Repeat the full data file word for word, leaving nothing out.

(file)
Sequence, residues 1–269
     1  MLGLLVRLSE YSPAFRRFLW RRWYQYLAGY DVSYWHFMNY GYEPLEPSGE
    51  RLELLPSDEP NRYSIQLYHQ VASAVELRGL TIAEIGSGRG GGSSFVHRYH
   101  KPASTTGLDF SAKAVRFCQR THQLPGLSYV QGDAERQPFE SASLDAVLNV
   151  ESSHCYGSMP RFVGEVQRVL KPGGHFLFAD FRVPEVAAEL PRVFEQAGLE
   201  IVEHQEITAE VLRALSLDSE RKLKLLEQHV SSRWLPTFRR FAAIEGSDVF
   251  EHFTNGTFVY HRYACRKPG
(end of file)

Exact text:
Sequence, residues 1–269
     1  MLGLLVRLSE YSPAFRRFLW RRWYQYLAGY DVSYWHFMNY GYEPLEPSGE
    51  RLELLPSDEP NRYSIQLYHQ VASAVELRGL TIAEIGSGRG GGSSFVHRYH
   101  KPASTTGLDF SAKAVRFCQR THQLPGLSYV QGDAERQPFE SASLDAVLNV
   151  ESSHCYGSMP RFVGEVQRVL KPGGHFLFAD FRVPEVAAEL PRVFEQAGLE
   201  IVEHQEITAE VLRALSLDSE RKLKLLEQHV SSRWLPTFRR FAAIEGSDVF
   251  EHFTNGTFVY HRYACRKPG